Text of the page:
Elissa Santisi was the style director of U.S. Vogue from 1998 to 2003, then became a contributing editor, working on many Richardson shoots. Vogue stopped hiring Richardson in 2010, but when Santisi officially departed for Bazaar in 2013, they reunited again — she was most recently the stylist on his June/July editorial.
Carine Roitfeld, Bazaar’s global fashion director and former longtime Vogue Paris editor-in-chief, is a friend and collaborator of Richardson’s. He continued working for Vogue Paris after her departure, along with Vogue editions in China, Germany, Hommes International, Japan, and Mexico.
Derek Blasberg, editor at large of Bazaar and V, lists Richardson among his frequent collaborators. Richardson has photographed Blasberg, and he makes appearances on Blasberg’s blog and social media accounts.
While Harper’s Bazaar typically emphasizes fashion over lengthy articles, prominent women who identify as feminists have written for the magazine in recent years — including Naomi Wolf, Tavi Gevinson, and Elizabeth Wurtzel. Of the three, Wurtzel was the only to provide comment to BuzzFeed.
“It is surprising that Richardson has not been charged with a crime, if these rumors are true, because his behavior sounds extreme, and also as if it happened quite a lot and in front of others,” she wrote in an email. “But in a way he was hiding in plain sight. Because there are neither lawsuits nor criminal actions, at this point there are only terrible rumors, which fuels the fashion world. It is a shame this has been handled so badly. Perhaps we really should not hate models because they are beautiful.”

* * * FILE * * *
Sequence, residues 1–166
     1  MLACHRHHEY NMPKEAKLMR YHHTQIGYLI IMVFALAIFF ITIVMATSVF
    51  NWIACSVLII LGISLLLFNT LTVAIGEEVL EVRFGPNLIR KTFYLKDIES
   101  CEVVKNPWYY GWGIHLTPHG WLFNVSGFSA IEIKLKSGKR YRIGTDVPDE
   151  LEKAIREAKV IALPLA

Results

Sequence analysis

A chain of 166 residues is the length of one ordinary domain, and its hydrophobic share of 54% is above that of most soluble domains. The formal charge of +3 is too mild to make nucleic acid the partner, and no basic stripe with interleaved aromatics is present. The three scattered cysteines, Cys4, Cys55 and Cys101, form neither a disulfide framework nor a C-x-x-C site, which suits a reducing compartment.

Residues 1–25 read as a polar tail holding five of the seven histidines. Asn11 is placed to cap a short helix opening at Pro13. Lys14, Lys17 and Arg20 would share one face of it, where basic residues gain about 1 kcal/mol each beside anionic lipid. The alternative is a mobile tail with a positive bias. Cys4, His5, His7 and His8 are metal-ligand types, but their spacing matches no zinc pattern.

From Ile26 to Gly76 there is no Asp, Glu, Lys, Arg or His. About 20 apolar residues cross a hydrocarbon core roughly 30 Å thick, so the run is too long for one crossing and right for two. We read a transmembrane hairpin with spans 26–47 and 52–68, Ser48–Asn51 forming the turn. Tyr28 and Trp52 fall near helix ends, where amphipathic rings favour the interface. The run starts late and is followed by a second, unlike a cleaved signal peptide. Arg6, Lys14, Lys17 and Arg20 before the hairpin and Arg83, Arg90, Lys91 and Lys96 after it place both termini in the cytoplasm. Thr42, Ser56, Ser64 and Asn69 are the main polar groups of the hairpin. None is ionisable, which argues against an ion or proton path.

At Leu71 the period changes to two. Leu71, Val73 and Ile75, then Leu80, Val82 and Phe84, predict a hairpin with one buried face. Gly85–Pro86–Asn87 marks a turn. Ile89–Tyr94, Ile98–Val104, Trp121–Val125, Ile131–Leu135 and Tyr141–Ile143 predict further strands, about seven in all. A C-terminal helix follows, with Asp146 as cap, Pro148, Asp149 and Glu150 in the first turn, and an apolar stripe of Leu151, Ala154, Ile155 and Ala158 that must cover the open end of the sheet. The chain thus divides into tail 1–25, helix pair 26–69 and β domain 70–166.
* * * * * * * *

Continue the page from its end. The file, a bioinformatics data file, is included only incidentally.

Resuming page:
None of this will come as a surprise to those within the fashion industry, which, like many others, is often sustained by nepotism. But Richardson’s continued work for Harper’s Bazaar — and the magazine’s ongoing silence — underscores how fame and connections can overpower or even silence women who consider themselves victims of Richardson’s behavior.
On Tuesday, Jezebel reported that New York magazine was planning a cover story on Richardson, according to an unnamed source, in which Richardson will “say the girls are full of crapola.” (New York confirmed on Friday that the June 16 issue will feature an exclusive interview with Richardson on the accusations, as well as reporting on his “early years, development as a photographer, and his career.”) This inspired a woman identified as “Anna” to write to Jezebel about her 2008 encounter with Richardson. According to the woman, Richardson invited her to his studio for a photo shoot after they met at a party. The shoot was “innocent fun,” she said, until she allegedly found herself with Richardson’s penis pushed against her face.
I would have come out with the story when the incident happened, but - as pathetic as this sounds - didn’t think anyone would give a shit about a non-model getting a dick, albeit a famous fashion photographer’s dick, shoved in her face without any proof whatsoever … The guy shouldn’t just be locked out from the fashion photography world, he should be in jail. Add another girl to the list!